Image courtesy of Quill & Pad

Today, many Rolex diving watches are outfitted with helium escape valves. This tiny valve is one of the many incredible mechanical advancements made by Rolex. And like many of Rolex’s other design achievements, the helium escape valve was designed to fix a problem.

In the 1960s, the United States Navy started their Sealab, which was an experimental underwater habitat. The Sealab was an underwater living quarters that allowed divers to spend multiple days underwater, so they could avoid making frequent dangerous ascents.

This new underwater space had been made possible thanks to the work of US Navy Physician Dr. George F. Bond. Dr. Bond conducted a series of experiments exposing animals to various mixtures of breathing gases underwater, trying to find a way divers could safely spend more time at great depths. He made a groundbreaking discovery: mammals could live and work for long periods at great depths if their breathing gas was mostly helium.

Dr. Bond’s newly discovered mixture of breathing gases is what allowed the Sealab to be created. While the original Sealab project had to be canceled after just 11 days, due to storm conditions, the follow-up projects Sealab II and Sealab III were able to operate successfully.

Divers were able to work underwater for up to 30 days, thanks to the mostly helium air they were breathing. However, divers experienced an issue with their watches, which would often lose their crystals with a loud bang during ascents.

The crystals began popping off these divers’ watches because of the high amount of helium they had been exposed to. Helium made its way into the watches through their gaskets. When divers ascended, the pressure inside the watches remained high in the watch chamber as the pressure outside the watch decreased. When the pressure difference became too extreme, the pressure inside the watch caused the crystal to fly off.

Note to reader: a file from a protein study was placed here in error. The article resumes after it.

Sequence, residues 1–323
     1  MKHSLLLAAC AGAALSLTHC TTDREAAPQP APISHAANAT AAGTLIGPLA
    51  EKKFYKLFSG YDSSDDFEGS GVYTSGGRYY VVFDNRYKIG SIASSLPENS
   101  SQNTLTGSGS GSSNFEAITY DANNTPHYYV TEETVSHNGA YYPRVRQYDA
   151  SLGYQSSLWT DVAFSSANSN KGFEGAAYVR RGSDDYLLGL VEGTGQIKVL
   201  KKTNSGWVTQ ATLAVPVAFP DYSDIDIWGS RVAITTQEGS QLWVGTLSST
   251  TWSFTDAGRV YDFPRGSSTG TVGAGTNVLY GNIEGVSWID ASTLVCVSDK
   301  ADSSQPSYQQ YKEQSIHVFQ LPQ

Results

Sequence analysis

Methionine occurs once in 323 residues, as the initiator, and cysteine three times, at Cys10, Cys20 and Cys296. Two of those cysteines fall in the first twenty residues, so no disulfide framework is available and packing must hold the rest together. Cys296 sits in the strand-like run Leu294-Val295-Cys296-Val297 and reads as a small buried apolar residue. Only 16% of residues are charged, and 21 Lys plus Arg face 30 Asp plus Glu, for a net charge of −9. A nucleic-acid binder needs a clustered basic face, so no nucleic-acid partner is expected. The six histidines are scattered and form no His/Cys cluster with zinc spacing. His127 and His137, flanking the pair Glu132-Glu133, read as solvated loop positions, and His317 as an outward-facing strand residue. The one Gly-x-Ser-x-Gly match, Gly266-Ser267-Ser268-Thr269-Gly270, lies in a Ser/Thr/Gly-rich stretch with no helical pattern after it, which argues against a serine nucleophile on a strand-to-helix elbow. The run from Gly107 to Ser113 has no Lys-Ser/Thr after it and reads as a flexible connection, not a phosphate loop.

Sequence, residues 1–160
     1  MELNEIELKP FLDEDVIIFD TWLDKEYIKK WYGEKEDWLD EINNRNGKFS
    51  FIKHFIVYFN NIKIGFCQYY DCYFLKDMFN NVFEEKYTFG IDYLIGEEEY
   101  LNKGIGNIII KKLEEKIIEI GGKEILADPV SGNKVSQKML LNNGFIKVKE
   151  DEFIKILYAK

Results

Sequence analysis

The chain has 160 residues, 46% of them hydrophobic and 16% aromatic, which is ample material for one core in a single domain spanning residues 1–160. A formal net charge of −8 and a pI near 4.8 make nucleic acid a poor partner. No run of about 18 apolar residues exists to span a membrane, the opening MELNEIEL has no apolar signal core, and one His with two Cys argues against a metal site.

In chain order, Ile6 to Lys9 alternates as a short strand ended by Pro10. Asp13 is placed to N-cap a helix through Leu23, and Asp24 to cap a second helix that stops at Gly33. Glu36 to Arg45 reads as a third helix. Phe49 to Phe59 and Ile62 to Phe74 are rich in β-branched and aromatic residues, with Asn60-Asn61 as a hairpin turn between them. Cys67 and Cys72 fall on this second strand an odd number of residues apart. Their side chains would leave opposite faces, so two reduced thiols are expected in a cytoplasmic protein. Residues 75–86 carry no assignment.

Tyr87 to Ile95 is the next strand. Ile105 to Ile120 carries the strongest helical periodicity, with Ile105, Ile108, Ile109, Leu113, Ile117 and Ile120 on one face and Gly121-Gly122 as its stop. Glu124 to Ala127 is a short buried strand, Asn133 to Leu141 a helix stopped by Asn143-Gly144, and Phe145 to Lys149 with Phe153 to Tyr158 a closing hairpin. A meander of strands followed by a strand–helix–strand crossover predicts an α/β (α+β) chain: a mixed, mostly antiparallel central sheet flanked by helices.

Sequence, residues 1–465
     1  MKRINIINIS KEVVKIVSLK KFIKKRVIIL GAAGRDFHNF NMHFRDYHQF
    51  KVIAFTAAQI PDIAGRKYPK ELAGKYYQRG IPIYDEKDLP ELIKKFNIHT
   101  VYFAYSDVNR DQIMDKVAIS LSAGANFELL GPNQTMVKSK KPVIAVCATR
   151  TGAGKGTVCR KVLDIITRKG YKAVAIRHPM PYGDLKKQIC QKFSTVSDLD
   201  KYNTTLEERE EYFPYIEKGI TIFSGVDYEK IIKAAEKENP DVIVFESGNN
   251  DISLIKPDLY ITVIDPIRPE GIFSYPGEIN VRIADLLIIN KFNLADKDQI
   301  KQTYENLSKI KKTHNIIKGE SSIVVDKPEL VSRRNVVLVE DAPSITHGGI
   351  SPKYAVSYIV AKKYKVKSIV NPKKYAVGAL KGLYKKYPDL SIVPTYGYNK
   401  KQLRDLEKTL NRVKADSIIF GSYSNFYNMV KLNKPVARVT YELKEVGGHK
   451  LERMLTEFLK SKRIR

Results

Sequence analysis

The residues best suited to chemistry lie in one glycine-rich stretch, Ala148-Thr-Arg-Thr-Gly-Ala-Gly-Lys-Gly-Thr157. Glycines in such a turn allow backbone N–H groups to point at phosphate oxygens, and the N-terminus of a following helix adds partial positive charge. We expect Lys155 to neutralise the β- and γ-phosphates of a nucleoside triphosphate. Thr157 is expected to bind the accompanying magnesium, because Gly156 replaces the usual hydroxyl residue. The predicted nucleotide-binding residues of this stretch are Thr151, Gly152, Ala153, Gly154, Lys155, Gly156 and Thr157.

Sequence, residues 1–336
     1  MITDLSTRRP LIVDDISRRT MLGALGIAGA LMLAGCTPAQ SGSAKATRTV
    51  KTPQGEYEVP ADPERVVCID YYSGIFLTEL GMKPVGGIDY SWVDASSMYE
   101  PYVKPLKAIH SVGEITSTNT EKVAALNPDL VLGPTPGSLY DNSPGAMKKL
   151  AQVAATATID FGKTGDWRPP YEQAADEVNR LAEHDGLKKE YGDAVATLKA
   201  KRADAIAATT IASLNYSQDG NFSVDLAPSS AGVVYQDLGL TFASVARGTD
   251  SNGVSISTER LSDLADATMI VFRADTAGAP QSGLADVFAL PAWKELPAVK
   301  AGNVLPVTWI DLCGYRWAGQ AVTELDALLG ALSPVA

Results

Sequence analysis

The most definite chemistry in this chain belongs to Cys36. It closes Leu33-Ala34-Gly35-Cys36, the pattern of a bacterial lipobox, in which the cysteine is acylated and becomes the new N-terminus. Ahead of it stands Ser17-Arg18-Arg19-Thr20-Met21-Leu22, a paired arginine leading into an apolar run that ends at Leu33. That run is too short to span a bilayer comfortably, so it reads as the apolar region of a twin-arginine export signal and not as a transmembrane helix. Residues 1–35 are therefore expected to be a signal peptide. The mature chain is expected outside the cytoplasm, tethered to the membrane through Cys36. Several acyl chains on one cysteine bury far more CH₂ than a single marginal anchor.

Image courtesy Luxury Top Watches

Rolex heard of this problem and got to work trying to solve it. They created their gas escape valve, which was a one-way pressure-release valve that allowed the helium trapped inside diving watches to safely escape.

The first Rolex watch to come equipped with a gas release valve was the Rolex Sea-Dweller. Divers who worked at Sealab III were outfitted with the watches, which no longer exploded upon ascension.

Today, the helium escape valve can be found on many Rolex diving watches. And while the average diver doesn’t go to the depths that would require the valve, it’s inclusion on Rolex diving watches shows the brand’s dedication to creating only the best diving watches, watches that are designed to go the distance— even if that distance is 3,900 meters under the sea.